I promised to talk more about NMI, so here it is.
What generates an NMI? What does it mean?
The first question is easy to answer but doesn’t actually shed much light: Any device can pull the NMI line, and that will generate a non-maskable interrupt. Back in the Windows 95 days, a few really cool people had taken the ball-point pen trick one step further: They had a special expansion card in their computer with a cord coming out the back. At the end of the cord was a momentary switch like the one you might see on a quiz show. If you pressed it, the card generated an NMI. No fumbling around with ball-point pens for these folks, no-ho! (To be honest, I had two of these. One of them was a simple NMI card, triggered by a foot pedal! The other was really a card with a high-resolution real-time clock that could be used for performance analysis. I used the NMI button far more often than the timer…)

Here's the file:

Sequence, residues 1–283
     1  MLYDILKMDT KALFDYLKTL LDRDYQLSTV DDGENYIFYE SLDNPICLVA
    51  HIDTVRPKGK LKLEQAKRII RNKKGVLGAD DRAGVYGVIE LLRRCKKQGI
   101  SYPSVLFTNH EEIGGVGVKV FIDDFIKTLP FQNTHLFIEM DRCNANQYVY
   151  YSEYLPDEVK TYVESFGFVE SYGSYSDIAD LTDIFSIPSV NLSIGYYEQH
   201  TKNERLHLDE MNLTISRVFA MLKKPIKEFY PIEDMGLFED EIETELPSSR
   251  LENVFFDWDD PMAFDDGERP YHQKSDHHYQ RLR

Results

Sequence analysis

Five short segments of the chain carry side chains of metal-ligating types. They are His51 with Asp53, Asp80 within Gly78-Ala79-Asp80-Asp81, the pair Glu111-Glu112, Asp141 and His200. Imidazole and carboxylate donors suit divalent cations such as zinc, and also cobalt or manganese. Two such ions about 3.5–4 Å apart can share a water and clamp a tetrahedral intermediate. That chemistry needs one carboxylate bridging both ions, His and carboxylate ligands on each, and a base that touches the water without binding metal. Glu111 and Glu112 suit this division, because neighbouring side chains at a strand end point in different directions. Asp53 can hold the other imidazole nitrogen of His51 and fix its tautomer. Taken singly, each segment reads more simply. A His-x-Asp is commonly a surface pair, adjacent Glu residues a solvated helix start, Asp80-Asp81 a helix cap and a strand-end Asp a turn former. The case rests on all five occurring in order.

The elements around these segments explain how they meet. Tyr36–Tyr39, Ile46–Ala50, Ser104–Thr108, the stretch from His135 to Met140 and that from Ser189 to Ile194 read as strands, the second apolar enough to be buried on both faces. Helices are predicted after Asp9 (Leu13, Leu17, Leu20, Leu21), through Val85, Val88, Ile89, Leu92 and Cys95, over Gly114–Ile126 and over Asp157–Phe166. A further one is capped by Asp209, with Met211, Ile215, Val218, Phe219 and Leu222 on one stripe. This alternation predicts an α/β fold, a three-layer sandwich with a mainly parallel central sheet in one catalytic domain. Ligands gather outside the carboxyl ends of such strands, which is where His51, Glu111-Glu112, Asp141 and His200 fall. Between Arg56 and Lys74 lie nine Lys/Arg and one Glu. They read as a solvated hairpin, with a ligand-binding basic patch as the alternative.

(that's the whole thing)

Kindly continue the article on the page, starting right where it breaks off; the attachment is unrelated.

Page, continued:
In practice, the only device that generates an NMI (on purpose) is the memory controller, which raises it when a parity error is detected. The non-geek explanation of a parity error: Your memory chips are acting flakey.
Here’s what a parity error looks like. It shows up as a mysterious “Hardware Malfunction” error.
Now, it’s possible that a device may be generating an NMI by mistake. For example, in Wendy’s case, it may have been due to damaged caused by overheating.
If you suspect your memory chips, you can run a memory diagnostic tool to see if it can find the bad memory.
My colleague Keith Moore reminded me that paradoxically, on the IBM PC-AT, you could mask the non-maskable interrupt! This definitely falls into the category of “Unclear on the concept.” The masking was done in hardware that could be configured via some magic port I/O. It prevented the NMI from reaching the CPU in the first place. (NMI is still not maskable in the CPU.)